As coronavirus concerns creep across North Carolina, many schools, including in the Triangle, are switching to online classes to contain the spread of the virus.
That effort is creating challenges for students on the wrong side of the digital divide. Twenty-four percent of households across North Carolina do not have access to high-speed internet, according to the American Community Survey.
As of Thursday night, Durham and Orange County Public Schools have canceled classes.
A total of 5.7 percent of households within the Durham County school district do not have computers and 22.7 percent do not have high-speed internet that allows video streaming. In addition, 6.1 percent of households in the Orange County school district do not have computers and 21.1 percent of households do not have high-speed internet that allows video streaming.
"Equity is hugely important to Durham Public Schools so we are looking at ways to do electronic and non-electronic learning while people are away," said Chip Sudderth, a spokesman for Durham Public Schools. "We've got some options that we're developing, that we're working out. There is a digital divide and we've got to be conscious of that."
In Robeson County, over 22% of families don't have computers and over 50% have no access to high-speed internet strong enough for live video learning.
In Cumberland County, there are no computers in 6.8% of homes. Nearly 23% don't have high-speed internet for live video learning.
Though those counties don't rank among the lowest in the state, it still indicates a danger that those students without proper access will be left behind in an online teaching environment.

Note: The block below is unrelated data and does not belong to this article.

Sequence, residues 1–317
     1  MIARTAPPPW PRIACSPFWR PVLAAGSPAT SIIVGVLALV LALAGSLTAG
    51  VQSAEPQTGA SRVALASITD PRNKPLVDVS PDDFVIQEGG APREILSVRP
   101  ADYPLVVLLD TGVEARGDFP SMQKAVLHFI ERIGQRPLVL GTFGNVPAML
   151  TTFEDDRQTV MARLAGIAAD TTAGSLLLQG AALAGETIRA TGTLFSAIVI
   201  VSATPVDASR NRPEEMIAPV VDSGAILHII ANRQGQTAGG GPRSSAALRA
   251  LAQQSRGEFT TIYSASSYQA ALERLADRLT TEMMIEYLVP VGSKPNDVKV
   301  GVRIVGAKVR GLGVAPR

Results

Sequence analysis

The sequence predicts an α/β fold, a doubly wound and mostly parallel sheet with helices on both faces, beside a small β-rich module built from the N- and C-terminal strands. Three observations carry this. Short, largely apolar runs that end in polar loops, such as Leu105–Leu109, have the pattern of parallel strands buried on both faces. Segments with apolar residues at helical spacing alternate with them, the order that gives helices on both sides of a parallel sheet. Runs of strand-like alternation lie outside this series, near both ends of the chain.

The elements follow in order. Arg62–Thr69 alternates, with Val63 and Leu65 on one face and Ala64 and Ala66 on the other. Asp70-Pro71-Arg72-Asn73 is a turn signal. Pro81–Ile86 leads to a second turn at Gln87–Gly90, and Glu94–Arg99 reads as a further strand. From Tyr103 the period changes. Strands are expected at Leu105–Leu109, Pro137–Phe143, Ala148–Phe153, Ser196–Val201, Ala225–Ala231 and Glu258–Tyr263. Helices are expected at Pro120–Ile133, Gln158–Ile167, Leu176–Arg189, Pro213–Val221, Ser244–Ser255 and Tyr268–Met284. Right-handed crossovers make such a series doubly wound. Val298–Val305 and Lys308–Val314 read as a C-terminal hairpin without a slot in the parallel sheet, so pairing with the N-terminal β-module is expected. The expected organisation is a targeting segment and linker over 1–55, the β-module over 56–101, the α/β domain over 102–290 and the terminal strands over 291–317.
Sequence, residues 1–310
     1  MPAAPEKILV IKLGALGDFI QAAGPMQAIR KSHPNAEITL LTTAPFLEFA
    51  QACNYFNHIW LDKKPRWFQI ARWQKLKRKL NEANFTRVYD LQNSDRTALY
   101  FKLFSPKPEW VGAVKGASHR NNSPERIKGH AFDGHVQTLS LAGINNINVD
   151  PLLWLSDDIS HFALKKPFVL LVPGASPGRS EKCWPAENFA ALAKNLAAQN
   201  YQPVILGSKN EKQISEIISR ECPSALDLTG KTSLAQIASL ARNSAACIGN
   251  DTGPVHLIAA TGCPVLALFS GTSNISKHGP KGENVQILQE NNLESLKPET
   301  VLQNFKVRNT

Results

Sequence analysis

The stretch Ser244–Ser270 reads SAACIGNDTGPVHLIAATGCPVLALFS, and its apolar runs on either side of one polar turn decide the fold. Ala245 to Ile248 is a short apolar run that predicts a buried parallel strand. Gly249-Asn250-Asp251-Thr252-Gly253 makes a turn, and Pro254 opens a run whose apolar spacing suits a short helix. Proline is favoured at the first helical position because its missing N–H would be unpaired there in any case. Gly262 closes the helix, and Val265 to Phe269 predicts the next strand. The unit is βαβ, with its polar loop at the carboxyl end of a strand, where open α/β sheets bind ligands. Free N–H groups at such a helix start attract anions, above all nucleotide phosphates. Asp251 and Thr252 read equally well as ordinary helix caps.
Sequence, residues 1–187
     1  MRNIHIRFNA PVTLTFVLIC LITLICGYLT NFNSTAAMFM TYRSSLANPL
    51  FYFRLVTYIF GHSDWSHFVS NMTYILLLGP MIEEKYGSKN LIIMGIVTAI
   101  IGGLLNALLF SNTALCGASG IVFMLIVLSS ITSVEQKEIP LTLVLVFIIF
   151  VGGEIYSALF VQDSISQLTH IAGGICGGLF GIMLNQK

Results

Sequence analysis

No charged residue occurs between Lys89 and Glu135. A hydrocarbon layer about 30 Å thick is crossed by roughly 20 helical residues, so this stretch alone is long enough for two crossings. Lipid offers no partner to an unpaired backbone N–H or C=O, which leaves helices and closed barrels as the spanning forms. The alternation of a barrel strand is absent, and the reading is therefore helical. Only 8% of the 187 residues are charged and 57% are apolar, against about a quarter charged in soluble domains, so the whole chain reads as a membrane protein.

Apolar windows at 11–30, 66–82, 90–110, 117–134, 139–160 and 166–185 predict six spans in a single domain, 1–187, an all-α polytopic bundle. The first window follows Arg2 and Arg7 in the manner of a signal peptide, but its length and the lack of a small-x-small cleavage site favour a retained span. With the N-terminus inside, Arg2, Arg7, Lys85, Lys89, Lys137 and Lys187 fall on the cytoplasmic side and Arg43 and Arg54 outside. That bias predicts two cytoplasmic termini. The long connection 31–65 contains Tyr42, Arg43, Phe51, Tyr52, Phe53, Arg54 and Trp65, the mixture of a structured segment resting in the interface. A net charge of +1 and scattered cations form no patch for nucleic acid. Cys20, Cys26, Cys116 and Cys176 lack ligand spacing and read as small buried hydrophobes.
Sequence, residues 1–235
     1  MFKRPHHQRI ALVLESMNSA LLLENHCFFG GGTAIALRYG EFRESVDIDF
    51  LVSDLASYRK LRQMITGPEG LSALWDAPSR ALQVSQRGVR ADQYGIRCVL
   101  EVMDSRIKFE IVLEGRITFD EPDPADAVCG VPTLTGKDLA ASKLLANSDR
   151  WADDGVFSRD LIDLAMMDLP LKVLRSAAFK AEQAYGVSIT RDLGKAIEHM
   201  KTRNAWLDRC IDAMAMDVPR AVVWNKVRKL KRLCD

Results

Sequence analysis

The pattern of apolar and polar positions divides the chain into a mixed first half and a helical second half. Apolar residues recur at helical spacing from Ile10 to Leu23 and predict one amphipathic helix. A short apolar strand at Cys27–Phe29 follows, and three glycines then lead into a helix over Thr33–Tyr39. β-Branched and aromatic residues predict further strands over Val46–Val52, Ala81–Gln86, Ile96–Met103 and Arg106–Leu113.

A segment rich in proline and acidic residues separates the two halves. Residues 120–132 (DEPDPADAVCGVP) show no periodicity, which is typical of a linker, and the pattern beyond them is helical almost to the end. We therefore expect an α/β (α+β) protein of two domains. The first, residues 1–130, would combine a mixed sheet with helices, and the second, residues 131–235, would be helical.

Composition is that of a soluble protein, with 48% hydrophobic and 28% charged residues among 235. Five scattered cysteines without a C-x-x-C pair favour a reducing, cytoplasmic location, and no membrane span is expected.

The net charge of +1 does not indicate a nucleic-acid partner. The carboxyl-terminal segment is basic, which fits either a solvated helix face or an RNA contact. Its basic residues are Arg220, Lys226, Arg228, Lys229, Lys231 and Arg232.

Interact: Percentage of North Carolina households without high-speed internet access by school district:
The darker regions show areas where more households do not have high-speed internet access.
Shontay Hawkins, a single mother of 3 school-age children in east Raleigh, showed us her family's computer that has seen better days. "I gotta keep the cord plugged in," she said. "It's a lot going on with that laptop."
Hawkins and thousands of other parents now forced to consider what happens if Wake County shuts down schools over coronavirus concerns and turns to online learning as a substitute.
"It would be challenging. It would be very challenging," Hawkins said.
In Wake County, three percent of families have no computer at home; 13.7 percent don't have the high-speed internet necessary for video streaming a live digital classroom.
And at Hawkins' home, with a 7th and 8th grader plus a kindergartner, she wonders how all 3 kids would share the family's one laptop, that in her words, "kind of" works. "Because then you gotta worry about this child might not be done (their classwork), this one might not have started. But they may be able to work together - but how is that?!"
On Thursday, the digital divide was one of State Superintendent Mark Johnson's top-line concerns as the state's Coronavirus Task Force met in Raleigh.
"This will be a disruption as to whether they have enough bandwidth at home for e-learning opportunities," Johnson said.
Hawkins hopes WCPSS decides to keep kids in the classroom. "I personally don't think they need to close down right now. They need to take other precautions and see what they can do first," she said.
"We're helping superintendents and local boards with guidance. But ultimately this will be a decision that each community has to make for themselves," Johnson said.
Friday, local superintendents from across the state are invited to take part in a special webinar hosted by the state superintendent. School leaders from across the country, who've already made these school-closing decisions, are discussing best practices on how to make these difficult calls.
As schools switch to online courses amid COVID-19 concerns, students who lack access to internet, computers suffer